“It’s almost as if the brain is saying, ‘I like pleasure, but this is too much.’ You’re killing it,” he explained.

The brain then requires more stimulus to get the same arousal. This means seeking not only more porn, but more insidious porn. This phenomenon has intensified as pornography has changed from magazines purchased in a store to free online videos that make pornography use more “affordable, accessible and anonymous than ever before,” Hymas noted. As more people view porn and continue to seek increasingly intense images, pornographers are compelled to produce more graphic scenes to keep audiences coming back.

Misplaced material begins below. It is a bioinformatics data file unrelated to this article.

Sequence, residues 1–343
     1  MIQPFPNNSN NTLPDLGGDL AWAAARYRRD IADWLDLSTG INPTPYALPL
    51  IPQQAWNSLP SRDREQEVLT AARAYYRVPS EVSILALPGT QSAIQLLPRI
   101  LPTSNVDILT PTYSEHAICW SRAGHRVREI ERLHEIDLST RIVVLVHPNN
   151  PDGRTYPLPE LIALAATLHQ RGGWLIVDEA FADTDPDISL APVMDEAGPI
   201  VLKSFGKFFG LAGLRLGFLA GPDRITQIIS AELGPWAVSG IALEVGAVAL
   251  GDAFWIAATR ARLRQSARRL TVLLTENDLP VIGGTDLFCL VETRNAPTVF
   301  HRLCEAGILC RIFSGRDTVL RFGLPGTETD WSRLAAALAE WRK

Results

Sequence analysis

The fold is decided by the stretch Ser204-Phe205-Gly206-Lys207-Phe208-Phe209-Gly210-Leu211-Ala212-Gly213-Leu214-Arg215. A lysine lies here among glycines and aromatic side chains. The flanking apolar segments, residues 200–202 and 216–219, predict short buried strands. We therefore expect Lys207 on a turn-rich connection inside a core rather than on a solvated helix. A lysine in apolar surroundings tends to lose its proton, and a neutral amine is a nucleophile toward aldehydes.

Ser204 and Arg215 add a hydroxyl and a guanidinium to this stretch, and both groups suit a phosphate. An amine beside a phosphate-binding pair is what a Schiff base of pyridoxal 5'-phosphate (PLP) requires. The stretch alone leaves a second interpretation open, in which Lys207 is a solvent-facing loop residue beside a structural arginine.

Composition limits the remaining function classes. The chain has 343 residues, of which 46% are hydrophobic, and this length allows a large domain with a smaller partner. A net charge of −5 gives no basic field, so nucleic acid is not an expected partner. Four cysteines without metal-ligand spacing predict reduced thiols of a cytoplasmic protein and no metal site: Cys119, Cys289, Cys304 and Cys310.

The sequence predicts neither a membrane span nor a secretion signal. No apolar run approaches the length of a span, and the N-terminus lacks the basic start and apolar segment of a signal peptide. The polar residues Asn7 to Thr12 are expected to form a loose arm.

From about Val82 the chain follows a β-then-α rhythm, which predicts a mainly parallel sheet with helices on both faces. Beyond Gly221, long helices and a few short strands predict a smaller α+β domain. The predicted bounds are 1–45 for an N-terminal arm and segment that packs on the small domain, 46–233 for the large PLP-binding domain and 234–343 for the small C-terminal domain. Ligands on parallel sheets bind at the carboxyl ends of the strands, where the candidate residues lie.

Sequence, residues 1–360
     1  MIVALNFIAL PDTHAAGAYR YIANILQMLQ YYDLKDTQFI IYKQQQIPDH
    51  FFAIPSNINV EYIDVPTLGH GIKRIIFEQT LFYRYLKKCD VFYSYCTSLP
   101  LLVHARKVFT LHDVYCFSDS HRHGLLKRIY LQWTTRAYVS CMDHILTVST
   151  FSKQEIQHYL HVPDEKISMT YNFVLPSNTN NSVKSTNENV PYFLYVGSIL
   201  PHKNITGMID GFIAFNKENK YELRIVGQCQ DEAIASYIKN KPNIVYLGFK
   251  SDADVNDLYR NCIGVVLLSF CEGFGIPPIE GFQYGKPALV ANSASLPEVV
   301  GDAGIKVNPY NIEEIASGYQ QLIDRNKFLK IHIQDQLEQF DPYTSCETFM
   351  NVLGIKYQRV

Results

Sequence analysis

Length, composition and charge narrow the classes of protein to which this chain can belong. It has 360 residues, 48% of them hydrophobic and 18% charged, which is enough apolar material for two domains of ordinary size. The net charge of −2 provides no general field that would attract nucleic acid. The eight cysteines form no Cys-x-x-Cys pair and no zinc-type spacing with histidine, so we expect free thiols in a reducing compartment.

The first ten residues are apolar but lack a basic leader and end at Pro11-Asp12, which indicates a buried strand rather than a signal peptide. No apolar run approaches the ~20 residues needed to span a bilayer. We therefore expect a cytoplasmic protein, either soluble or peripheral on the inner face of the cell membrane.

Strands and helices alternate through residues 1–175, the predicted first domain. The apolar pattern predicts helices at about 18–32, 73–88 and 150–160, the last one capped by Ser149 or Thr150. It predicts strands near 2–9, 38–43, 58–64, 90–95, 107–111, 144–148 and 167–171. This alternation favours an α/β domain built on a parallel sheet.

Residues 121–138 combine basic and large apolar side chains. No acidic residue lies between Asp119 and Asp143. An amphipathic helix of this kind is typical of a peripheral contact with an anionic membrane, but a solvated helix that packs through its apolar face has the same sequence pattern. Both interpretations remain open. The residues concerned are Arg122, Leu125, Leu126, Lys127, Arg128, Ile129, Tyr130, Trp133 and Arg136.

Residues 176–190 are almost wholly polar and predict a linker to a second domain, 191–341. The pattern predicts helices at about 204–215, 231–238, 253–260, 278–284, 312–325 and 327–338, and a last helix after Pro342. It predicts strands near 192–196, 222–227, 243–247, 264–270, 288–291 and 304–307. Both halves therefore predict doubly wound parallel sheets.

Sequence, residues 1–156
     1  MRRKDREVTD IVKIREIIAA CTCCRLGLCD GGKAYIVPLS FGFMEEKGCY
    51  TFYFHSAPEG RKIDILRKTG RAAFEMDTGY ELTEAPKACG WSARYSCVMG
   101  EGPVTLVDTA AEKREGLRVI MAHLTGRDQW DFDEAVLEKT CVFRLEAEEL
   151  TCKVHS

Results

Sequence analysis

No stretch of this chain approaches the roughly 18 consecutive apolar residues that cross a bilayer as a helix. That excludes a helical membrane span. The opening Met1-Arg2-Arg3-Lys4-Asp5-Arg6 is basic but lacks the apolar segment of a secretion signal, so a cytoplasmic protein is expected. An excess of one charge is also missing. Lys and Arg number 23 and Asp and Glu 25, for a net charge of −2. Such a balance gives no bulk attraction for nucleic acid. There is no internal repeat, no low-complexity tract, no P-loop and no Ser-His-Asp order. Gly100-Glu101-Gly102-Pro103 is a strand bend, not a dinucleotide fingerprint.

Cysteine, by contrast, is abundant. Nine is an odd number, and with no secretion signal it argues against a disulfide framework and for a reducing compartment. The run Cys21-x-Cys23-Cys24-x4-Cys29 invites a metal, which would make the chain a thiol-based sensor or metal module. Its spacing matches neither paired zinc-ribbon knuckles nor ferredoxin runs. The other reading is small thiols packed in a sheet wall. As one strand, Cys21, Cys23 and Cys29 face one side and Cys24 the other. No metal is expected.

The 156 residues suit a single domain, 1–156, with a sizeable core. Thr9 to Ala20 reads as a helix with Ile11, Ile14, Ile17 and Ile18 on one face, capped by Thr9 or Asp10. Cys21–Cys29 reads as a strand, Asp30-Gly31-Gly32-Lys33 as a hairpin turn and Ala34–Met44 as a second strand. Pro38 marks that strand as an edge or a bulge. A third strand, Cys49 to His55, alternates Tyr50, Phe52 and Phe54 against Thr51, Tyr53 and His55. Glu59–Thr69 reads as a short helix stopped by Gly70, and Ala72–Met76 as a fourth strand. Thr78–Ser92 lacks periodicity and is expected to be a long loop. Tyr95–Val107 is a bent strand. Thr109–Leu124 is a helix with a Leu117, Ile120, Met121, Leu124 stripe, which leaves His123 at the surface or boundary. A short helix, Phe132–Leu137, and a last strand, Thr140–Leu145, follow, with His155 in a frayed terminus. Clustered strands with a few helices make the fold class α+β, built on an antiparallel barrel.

“It’s more violent, abusive, degrading and distorted than when it was [just in] a magazine,” Hymas said.

Pornography also affects the heart.

“Our concepts of what it means to love, to fall in love, are not biological,” he said. “Our sexual tastes are molded by experience and culture.”

He shared research that shows how viewing porn changes “how we love, who we love, how we think about the people we love and how we express love.”

Pornography viewers become more critical of their spouses and less satisfied with their romantic partners. Essentially, the viewers start to prefer pornography to the real-life love of their spouse. It also causes objectification of spouses.

“You no longer think about what makes them unique or why you love them, but you think of them as a collection of body parts,” he said.